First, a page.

WASHINGTON (March 21, 2000) -- In a letter sent March 20, Cardinal William H. Keeler of Baltimore urged the House of Representatives to support the Partial-Birth Abortion Ban Act.
The Cardinal is Chairman of the National Conference of Catholic Bishops' Committee for Pro-Life Activities. A vote on the legislation, H.R. 3660, is expected in early April.
"This is a procedure more akin to infanticide than abortion, wherein an infant is killed after being forcibly partially delivered outside his or her mother's body," Cardinal Keeler wrote. . "To allow this to continue violates every principle of human rights and decency this country has always stood for. So unique and brutal is this procedure that a majority of Americans who are pro-life as well as those who describe themselves as 'pro-choice' agree that it ought to be banned."
This unusual consensus is reflected in the number of states which have moved to prohibit partial-birth abortions, Cardinal Keeler observed. He noted that bans on partial-birth abortions have taken legal effect in eight states.
"While local or federal courts have enjoined many other state laws, claiming that they are 'vague,' this legislation is both clear and specific," the Cardinal said. "It bans the direct killing of a child who is partly delivered alive--a form of killing which the Supreme Court explicitly exempted from the scope of its Roe v. Wade decision, when it left intact a ban on the killing of a child in the process of parturition."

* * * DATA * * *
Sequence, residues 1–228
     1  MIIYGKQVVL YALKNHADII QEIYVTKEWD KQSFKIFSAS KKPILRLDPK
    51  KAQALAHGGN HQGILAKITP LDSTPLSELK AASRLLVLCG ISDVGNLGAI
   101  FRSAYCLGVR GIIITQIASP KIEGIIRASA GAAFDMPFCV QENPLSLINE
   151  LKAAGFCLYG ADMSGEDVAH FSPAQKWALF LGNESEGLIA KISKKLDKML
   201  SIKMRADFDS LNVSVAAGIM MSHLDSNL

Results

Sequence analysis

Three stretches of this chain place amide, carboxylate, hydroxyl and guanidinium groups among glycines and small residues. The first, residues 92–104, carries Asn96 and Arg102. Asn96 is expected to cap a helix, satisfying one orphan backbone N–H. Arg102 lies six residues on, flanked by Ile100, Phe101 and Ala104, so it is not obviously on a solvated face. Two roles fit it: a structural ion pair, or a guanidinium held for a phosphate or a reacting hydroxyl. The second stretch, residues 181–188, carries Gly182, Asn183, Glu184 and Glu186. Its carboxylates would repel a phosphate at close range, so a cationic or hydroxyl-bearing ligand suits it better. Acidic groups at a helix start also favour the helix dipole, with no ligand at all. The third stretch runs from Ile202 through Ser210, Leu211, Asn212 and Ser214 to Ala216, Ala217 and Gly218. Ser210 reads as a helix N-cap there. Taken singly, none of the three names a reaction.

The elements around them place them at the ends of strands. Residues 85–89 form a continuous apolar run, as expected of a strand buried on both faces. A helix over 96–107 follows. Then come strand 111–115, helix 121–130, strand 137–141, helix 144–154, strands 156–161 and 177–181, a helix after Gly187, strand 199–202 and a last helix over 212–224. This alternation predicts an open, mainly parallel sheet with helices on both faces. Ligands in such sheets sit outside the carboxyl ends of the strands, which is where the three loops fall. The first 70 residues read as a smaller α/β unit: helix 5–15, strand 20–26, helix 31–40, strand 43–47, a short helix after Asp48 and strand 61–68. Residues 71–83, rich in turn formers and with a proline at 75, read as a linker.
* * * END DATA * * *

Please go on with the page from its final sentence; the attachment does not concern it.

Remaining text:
"It has become crystal clear over years of debate that partial-birth abortions are never medically necessary," Cardinal Keeler said. "Even the American College of Obstetricians and Gynecologists (ACOG), which opposes the ban, has acknowledged that it could find no situation in which it is necessary to save a woman's life or preserve her health (ACOG Statement of Policy, January 12, 1997)."
"Partial-birth abortion has only one purpose: to destroy the lives of children who are inches away from being completely born alive," Cardinal Keeler wrote. "Please vote for H.R. 3660, oppose all weakening amendments, and reject this indefensible procedure once and for all."
The first Partial-Birth Abortion Ban Act approved by the U.S. House and Senate was vetoed by President Clinton in 1996. The Partial-Birth Abortion Ban Act of 1997 met the same fate. Thus far, congressional efforts to override the President's veto have passed in the House but narrowly failed in the Senate. Last October, the Senate passed the Partial-Birth Abortion Ban Act of 1999 by a vote of 63-34.
Full text of Cardinal Keeler's March 20 letter.